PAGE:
Filed under: Economy, Foreign Policy, Literature, Statism | Tags: India, Opulence and Thrift
Way back in 1978, M.M. Kaye published a big blockbuster novel,with nearly as many pages as the health care bill, a “towering novel of love and war” about the India of the 1850s — the RAJ. M.M. Kaye was born in Simla, the summer place of the British viceroy; and when she married, her husband was an officer in Queen Victoria’s Own Corps of Guides, so she knew India well. The story she told was based on bits of history about a colorful royal wedding and procession. She described the procession:
Close on eight thousand humans and more than half as many baggage animals were worse than a plague of locusts; it was clear that without planning and forethought their effect upon the country they passed through could be devastating and equally disastrous. …
The mile-long column moved at a foot’s pace, plodding through the dust at the same leisurely pace as the elephants and stopping at frequent intervals to rest, talk or argue, to wait for stragglers or draw water from the wayside wells. …
The four state elephants bore magnificent howdahs of beaten gold and silver in which the Rajkumaries and their ladies together with their younger brother and certain senior members of the bridal party, would ride in procession on the day of the wedding, and it had also been expected that the brides would travel in them on the journey. But the slow, rolling stride of the great beasts made the howdahs sway, and the youngest bride (who was also the most important one, being the Maharajah’s full sister) complained that it made her feel ill, and demanded that both she and her sister, from whom she refused to be parted, be transferred to a ruth — a bullock-drawn cart with a domed roof and embroidered curtains.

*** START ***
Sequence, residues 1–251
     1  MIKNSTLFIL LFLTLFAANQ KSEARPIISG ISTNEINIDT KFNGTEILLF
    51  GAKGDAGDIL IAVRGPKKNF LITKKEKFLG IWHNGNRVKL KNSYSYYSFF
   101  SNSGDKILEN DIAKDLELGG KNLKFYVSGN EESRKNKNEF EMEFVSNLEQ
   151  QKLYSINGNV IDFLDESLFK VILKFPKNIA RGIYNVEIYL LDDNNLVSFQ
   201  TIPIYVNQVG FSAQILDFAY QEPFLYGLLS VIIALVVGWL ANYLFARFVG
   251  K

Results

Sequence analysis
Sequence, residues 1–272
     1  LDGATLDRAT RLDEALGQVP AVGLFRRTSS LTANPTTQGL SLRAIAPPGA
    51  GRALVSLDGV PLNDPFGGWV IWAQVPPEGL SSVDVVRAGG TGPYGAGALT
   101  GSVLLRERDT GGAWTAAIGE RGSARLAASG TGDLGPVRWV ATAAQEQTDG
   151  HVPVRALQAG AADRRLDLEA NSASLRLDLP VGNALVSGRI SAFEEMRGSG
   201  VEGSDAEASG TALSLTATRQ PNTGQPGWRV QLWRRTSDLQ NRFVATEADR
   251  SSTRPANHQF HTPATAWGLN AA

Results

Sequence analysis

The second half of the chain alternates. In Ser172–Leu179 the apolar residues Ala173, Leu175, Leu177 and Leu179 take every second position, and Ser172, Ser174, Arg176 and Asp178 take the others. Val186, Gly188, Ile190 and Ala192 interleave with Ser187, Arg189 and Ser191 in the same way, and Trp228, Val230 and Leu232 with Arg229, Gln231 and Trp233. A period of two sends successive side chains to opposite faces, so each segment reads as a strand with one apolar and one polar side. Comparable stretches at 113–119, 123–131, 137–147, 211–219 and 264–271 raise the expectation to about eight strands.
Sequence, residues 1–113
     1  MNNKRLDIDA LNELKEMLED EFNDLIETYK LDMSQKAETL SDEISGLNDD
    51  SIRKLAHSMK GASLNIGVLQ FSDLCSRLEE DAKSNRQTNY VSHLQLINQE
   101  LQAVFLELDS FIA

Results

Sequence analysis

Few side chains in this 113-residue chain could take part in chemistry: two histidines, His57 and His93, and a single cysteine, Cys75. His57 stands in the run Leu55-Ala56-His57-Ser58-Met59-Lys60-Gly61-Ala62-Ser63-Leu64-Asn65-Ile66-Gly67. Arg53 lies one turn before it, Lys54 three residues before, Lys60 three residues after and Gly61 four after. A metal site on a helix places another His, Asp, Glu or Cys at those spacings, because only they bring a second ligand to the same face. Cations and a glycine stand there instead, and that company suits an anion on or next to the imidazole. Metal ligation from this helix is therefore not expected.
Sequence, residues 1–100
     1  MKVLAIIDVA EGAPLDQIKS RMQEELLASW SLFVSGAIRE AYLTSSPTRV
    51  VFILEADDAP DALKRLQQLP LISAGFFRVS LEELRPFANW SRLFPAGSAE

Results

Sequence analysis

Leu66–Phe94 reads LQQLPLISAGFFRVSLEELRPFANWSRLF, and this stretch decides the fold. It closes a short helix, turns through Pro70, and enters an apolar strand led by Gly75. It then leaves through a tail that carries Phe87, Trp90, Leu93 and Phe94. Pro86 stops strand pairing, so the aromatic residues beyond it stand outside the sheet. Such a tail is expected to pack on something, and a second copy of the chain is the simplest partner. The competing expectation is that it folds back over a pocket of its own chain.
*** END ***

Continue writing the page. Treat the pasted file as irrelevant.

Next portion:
What made me remember this and drag it out, was the account of President Obama’s visit to India. It is announced as a “strategic ” visit with a special interest in celebrating Diwali, the Hindu Festival of Lights.
In ledgers with trillion-dollar stimulus packages and $600 billion Fed “easings,” the $200 million-a-day price tag for these 10 days will be little more than a blip on the ledger.
Fully five fully loaded jet aircraft will fly Obama, his helicopters, and his party of 3,000 in luxury that would embarrass a rajah. The entire Taj hotel — 570 rooms — has been reserved along with space next door.
Why the president requires an entourage of 3,000 to support a face-to-face meeting with India’s prime minister is unknown. All that remains to be required are the caparisoned elephants and the howdahs of beaten gold and silver.
I suppose that Mr. Obama assumes that the President of the United States should travel in style befitting the nation which he regards as no more exceptional than any other. But it is fairly annoying to the peasants in flyover country who are currently unemployed through no fault of their own, but rather through the direct actions of the U.S. government.
If I remember correctly, Franklin Delano Roosevelt once served hot dogs to the King and Queen of England.
ADDENDUM: The $200 million a day figure is widely circulated nonsense. I apologize. American presidents do travel with large entourages. The security detachment is large, and protection of the president is important. It does, however, give rise to the notions of an” Imperial” presidency. Perhaps it can’t be helped, but Obama seems unusually unconscious of the extent to which his actions appear profligate when the country’s economy is in such dire shape.